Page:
“It’s never too late” is a common cliché, but it isn’t quite true. Especially when it comes to exercise.
Is it ever too late to start exercising? That’s the question I am going to discuss.
Perhaps the first question to answer is, “Why exercise at all?” I could list references for what I am about to say, but they would fill this page. Indeed, they would fill this magazine, and then some.
The data is irrefutable. If there is one thing that rises above all–a true magic bullet if you will–it is that exercise improves your chances of a long, healthy, happy life.
Simply put, exercise benefits everything. Weight loss? Blood pressure? Risk of heart attack and stroke? Mood? Depression and anxiety? Stress? Sleep? Memory and intellect? All benefit from a program of regular exercise. And I could go on and on.
So how much exercise should you do? Studies support a minimum of 150 minutes to 300 minutes of moderate to vigorous exercise per week.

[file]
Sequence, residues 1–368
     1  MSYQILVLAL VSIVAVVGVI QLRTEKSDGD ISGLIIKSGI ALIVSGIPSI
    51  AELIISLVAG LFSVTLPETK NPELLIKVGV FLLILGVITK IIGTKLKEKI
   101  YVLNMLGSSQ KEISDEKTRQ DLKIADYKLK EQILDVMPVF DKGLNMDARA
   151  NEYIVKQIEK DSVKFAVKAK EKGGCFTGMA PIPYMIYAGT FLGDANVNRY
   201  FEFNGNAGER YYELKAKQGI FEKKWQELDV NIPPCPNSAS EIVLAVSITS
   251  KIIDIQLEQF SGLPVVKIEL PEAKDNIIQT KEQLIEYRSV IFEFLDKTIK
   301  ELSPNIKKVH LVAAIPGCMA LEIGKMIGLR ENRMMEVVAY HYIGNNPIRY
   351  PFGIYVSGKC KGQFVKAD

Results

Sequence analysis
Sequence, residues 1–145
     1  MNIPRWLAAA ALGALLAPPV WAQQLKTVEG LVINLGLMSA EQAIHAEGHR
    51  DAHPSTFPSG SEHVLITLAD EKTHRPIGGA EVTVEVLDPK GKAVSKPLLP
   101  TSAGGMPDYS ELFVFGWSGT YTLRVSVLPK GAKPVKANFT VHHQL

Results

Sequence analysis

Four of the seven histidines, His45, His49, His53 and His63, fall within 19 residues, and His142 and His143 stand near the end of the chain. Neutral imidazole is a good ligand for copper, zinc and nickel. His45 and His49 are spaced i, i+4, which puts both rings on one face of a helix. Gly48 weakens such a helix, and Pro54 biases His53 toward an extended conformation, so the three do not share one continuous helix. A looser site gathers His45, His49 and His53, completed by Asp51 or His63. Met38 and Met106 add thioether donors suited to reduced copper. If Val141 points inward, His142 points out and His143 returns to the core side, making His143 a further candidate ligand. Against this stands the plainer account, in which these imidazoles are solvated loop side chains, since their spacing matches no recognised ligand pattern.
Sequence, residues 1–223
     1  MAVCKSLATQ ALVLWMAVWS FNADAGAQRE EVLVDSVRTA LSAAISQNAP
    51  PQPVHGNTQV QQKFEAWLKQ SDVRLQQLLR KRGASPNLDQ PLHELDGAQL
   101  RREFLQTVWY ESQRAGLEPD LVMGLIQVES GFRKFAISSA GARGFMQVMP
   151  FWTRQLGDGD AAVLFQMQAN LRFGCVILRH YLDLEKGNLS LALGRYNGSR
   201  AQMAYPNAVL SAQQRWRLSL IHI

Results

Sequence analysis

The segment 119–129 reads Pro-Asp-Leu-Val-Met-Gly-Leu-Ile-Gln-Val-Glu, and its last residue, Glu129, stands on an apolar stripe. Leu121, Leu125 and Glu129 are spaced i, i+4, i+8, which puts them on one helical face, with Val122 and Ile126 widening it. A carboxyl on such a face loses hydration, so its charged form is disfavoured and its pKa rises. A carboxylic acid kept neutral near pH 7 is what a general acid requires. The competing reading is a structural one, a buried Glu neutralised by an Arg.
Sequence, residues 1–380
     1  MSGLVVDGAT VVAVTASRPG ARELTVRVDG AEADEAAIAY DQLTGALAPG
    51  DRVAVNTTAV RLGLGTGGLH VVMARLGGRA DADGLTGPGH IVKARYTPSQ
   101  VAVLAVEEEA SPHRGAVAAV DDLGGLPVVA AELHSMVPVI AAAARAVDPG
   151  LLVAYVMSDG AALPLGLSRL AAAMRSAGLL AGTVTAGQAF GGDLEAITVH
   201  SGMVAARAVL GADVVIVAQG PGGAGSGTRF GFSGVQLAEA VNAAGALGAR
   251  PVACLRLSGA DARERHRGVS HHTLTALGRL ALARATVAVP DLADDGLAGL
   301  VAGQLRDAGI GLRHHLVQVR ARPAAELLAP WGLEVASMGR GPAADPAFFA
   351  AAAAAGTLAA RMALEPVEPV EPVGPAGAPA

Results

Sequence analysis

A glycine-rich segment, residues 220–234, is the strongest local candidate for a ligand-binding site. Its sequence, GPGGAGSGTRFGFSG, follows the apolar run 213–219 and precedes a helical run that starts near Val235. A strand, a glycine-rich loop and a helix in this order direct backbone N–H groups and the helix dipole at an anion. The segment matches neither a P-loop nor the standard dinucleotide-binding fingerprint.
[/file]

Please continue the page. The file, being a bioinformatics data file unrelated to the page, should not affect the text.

What constitutes moderate? That’s when you can still speak in complete sentences while exercising. Examples: walking at 3 mph, bicycling at less than 10 mph, and playing doubles tennis. Vigorous exercise would be anything where you cannot say more than a few words without pausing for a breath.
What type of exercise should you do? What you do is not as important as just doing something. Moving is better than not moving.
That said, it is best to exercise in a way that provides benefits to cardiovascular health, strength, and flexibility. A good example would be to combine walking, jogging, or cycling with gym workouts that include resistance or weight work and stretching. Variety also makes exercise more interesting and enjoyable.
Now back to when to start. Unless you have one foot in the grave or are in such extremis that any exertion poses a serious threat, you can start an exercise program and derive benefits from it right now.
Many successful older athletes who function at a high level credit starting an exercise routine late in life. So, check with your doctor and get started!